In one sense, He seems to be saying that the actual words and direction don't really matter. What counts is our heart. Whatever language we speak, whatever words we choose to utter, they are the best if our heart, our thoughts, our intention is sincere.

There is another thing, too. "The beginning of all utterance is the worship of God". It seems to me that He is reminding us that language itself is founded upon the worship of God. It is for this reason that we communicate. All aspects of our society find their root in a gift from a Manifestation, so why should language be any different. As with all gifts, though, we need to use it, practice with it, and raise to the highest level we can.

Aside: When someone tells me that my artistic talent is a gift from God, I agree. But then, I ask, what is their gift from God? I have worked very hard to develop this gift to the best of my ability. Getting this gift is meaningless if I don't practice and use it and develop it. Most people I meet also have a similar gift from God, but they never use it. They squander it, or don't believe in it. They let it go to waste, or use it frivolously.

Back to the Tablet.

It's a great little piece

There are seven questions, as I'm sure you've guessed. And He continually uses the questions to tell the reader to move their love, more their intention and devotion into the arena of service.

Just look at that first question again. He answers the true question, and then finishes with "arise to help Him". Like the artistic "gift from God", it does no good if the individual doesn't use it. Our faith, our belief, our love for God is useless if we don't use it.

That, to me, is much of the wisdom of the Pen of Glory.

Monday, July 23, 2012

Interfaith and "God Passes By"

I'm still reading God Passes By. During the summer months, when I'm selling my artwork, I don't have as much time to read as I would like. But then again, I never have as much time to read as I would like.

I got to page 100, where he is now beginning to talk about Baha'u'llah and how He received His Revelation. Before he does that, however, he writes briefly about some of the various titles and prophecies regarding Baha'u'llah from other faith traditions.

Aside: When I say "briefly", we have to remember that this is Shoghi Effendi. I absolutely love to read his writings, and especially love his use of the English language, but "brief" is truly a relative term here. I am convinced that at some point in the future people will begin using the term "Effendian" as an adjective describing the ability to go on for pages and pages to describe something with absolute precision, perfect use of the language and without being repetitive. Just the other night, as I was lying down reading this book, my wife came up to me to ask me a deep philosophical / spiritual question. I asked her if I could finish the paragraph first, before answering. But then I looked to see how much more I had to read. I was at the top left hand corner of the left hand page, and noticed that the paragraph didn't break on either of the two pages I could see. So I turned the page. And turned it again, still looking for the end of the paragraph. I decided to put the book down rather than try to finish that one "brief" paragraph. (And all of you who have read the Guardian's writings know exactly what I mean.)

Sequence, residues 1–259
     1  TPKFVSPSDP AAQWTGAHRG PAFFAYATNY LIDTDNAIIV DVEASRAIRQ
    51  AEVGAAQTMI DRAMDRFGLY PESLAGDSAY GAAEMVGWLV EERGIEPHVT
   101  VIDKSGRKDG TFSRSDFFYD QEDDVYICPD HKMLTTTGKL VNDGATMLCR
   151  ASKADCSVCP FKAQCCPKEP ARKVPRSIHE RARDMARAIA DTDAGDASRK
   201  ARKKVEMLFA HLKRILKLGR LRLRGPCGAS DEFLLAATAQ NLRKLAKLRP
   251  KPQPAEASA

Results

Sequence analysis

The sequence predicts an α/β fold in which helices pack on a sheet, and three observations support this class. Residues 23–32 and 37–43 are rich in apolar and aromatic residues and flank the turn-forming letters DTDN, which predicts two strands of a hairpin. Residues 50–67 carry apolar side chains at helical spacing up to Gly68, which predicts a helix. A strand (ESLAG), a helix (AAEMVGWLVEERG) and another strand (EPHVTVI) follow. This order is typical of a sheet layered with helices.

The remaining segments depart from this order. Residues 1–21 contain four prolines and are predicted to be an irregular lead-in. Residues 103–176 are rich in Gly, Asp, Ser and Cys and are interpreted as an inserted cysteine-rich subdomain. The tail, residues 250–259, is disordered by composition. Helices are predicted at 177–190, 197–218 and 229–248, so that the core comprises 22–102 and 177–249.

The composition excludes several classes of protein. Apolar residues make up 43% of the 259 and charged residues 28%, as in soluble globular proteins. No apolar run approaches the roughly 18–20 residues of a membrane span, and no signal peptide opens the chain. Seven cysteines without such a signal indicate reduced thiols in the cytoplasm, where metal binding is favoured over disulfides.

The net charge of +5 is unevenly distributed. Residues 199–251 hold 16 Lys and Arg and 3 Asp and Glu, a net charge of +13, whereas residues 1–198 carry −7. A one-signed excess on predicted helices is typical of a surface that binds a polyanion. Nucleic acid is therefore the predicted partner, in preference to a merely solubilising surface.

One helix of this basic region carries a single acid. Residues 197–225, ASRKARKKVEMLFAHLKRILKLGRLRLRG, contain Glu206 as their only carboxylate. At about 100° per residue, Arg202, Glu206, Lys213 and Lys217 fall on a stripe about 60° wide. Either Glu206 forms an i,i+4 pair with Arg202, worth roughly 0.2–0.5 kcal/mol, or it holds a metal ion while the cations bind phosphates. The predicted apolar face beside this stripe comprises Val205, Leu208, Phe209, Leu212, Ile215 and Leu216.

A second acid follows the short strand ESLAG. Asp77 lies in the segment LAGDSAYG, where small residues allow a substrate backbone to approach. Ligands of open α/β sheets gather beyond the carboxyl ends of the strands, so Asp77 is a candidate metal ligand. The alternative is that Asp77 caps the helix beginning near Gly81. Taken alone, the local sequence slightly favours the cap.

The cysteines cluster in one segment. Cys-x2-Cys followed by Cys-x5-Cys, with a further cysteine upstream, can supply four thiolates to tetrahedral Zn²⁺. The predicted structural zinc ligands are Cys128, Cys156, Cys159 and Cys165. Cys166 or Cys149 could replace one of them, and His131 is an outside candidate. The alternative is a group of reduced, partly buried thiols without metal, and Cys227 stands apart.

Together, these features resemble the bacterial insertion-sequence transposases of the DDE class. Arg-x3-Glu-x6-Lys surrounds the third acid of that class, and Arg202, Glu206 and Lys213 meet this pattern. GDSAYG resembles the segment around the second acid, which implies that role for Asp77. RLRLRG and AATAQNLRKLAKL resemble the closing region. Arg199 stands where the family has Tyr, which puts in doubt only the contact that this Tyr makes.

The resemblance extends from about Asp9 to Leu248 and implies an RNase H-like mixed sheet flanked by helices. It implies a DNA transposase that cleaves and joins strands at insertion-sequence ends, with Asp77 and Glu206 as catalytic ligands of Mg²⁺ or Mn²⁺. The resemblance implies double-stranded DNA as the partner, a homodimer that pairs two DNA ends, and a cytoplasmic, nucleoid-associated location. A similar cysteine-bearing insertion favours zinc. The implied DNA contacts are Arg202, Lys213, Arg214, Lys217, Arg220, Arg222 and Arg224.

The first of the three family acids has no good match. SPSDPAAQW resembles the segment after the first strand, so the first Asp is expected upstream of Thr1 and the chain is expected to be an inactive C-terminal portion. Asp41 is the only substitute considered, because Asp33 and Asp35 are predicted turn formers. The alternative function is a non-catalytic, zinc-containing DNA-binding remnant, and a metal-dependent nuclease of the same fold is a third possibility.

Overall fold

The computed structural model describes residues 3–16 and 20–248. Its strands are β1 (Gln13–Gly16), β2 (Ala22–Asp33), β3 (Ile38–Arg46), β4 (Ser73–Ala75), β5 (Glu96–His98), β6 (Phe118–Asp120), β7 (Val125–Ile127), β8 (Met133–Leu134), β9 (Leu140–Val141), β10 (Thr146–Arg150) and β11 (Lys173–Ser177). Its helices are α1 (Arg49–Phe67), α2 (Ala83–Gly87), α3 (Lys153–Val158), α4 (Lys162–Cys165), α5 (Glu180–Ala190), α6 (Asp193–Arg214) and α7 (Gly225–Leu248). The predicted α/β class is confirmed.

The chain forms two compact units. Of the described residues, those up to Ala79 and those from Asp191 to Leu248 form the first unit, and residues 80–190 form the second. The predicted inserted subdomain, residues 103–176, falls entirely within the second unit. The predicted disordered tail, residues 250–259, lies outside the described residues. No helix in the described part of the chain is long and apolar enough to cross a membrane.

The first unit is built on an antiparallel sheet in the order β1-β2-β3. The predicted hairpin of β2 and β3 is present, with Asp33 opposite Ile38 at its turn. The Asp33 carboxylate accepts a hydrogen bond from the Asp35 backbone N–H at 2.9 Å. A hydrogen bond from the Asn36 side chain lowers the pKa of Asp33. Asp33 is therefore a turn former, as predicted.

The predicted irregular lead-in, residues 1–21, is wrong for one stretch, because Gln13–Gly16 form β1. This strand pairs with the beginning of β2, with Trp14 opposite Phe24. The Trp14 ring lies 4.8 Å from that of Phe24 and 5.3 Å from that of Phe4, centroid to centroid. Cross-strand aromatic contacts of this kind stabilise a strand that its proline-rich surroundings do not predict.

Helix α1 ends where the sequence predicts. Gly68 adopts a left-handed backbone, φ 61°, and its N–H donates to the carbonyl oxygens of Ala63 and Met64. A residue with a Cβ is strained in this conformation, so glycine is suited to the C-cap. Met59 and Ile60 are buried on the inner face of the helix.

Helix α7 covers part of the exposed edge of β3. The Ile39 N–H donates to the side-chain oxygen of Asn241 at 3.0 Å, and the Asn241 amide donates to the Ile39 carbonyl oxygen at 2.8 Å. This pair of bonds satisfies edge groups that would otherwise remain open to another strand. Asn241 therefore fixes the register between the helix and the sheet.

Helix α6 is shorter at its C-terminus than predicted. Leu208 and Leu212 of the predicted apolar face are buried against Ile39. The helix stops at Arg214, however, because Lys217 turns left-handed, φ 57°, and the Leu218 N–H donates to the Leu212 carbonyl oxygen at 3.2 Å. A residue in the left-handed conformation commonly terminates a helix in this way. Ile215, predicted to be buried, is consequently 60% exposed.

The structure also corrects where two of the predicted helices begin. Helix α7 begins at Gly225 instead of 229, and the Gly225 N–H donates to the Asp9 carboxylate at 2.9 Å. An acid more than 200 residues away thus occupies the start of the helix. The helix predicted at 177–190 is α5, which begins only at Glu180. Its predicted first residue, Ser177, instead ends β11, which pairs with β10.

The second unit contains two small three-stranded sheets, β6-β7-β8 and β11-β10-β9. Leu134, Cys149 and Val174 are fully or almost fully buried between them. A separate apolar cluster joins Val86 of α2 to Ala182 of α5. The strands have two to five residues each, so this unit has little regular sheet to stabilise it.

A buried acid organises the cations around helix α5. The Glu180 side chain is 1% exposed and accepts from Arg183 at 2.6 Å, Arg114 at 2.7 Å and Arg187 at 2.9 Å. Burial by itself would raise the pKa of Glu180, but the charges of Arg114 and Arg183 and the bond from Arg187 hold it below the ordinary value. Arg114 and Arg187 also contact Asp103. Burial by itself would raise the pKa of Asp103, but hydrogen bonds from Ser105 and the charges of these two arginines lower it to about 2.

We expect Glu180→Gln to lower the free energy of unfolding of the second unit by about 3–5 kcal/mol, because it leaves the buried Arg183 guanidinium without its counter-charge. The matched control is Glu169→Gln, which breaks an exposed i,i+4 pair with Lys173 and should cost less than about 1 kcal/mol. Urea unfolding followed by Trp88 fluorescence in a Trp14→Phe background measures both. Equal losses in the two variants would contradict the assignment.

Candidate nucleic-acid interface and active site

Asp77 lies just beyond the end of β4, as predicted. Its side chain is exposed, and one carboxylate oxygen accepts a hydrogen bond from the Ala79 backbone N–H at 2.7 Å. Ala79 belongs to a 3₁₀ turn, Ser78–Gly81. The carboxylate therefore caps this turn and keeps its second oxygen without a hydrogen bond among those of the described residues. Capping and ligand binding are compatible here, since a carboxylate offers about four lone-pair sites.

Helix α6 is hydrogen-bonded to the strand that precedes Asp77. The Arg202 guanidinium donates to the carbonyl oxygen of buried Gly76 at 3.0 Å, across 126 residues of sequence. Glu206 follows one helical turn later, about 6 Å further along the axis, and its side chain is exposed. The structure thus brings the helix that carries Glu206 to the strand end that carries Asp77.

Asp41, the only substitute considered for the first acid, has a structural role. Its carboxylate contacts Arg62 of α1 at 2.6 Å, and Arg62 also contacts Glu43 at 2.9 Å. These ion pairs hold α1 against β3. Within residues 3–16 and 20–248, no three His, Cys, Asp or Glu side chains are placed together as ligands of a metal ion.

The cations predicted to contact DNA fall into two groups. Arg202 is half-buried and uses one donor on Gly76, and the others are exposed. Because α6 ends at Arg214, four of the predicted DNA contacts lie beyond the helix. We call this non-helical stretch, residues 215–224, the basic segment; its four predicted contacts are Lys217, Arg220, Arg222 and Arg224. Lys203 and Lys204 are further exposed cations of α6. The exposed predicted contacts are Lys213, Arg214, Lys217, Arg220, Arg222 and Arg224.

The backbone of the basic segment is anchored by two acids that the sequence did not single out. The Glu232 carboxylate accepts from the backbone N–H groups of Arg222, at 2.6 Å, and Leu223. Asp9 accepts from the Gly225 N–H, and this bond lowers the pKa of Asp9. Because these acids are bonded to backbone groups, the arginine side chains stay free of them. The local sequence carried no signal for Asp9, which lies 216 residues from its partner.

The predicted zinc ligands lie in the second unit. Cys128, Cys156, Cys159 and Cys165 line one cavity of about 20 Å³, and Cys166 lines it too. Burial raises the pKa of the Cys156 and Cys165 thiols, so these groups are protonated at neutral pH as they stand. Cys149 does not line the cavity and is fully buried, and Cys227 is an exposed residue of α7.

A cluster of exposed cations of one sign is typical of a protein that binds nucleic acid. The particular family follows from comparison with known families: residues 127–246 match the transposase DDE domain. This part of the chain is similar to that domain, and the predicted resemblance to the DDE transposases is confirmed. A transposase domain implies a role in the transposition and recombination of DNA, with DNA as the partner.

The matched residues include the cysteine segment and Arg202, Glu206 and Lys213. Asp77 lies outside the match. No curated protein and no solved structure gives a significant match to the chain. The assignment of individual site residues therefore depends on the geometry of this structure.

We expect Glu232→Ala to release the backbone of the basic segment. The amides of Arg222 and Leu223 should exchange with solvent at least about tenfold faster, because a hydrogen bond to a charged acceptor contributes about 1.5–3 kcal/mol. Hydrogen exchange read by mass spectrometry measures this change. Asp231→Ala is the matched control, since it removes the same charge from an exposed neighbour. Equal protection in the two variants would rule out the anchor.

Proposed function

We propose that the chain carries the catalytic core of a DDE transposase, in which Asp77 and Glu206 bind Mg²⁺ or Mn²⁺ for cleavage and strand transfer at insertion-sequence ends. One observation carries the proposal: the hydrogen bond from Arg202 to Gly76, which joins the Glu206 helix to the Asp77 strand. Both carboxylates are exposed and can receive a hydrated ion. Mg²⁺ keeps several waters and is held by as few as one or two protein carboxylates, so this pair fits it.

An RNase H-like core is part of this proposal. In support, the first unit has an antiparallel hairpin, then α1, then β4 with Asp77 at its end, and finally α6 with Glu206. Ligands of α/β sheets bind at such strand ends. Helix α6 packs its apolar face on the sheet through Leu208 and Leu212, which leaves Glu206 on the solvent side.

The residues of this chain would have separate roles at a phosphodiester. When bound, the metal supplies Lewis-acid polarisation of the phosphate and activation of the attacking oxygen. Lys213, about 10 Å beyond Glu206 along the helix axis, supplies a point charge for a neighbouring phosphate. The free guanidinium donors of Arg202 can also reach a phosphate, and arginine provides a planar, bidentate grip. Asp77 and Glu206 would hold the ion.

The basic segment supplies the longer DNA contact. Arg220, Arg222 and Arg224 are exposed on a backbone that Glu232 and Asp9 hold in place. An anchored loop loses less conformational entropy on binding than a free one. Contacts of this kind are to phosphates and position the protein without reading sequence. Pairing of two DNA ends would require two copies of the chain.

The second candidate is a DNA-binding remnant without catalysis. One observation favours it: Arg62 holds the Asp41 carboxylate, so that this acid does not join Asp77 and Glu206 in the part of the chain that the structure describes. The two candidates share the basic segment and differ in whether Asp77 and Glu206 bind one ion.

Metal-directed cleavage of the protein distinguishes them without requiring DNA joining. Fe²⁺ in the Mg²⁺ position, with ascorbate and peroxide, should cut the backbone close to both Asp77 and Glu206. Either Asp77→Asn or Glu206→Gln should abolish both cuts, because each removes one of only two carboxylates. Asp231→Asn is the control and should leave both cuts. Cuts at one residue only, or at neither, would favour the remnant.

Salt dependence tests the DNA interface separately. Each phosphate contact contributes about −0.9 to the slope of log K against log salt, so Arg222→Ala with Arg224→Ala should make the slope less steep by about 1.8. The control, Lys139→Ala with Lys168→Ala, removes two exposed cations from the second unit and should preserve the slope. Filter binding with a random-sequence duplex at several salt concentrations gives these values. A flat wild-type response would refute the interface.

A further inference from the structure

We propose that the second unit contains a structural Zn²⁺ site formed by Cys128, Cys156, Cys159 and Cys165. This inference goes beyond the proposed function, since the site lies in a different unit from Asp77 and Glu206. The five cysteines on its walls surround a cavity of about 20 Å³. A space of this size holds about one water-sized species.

Then, just after he shares a bit about the magnificence of this Revelation, as attested by all these other sacred Texts, he clarifies something, something very important. He tries to ensure that we do not become fanatical. He doesn't mince words, and points out what should be obvious in that first phrase, but goes on to remind us all of the extreme importance of honouring and respecting all other faith traditions. (At least that's how I read it, and this is, after all, only my own personal opinion.)

He says, and I put it into point format to make it more obvious at a casual read, that "the Revelation identified with Bahá'u'lláh

  • abrogates unconditionally all the Dispensations gone before it,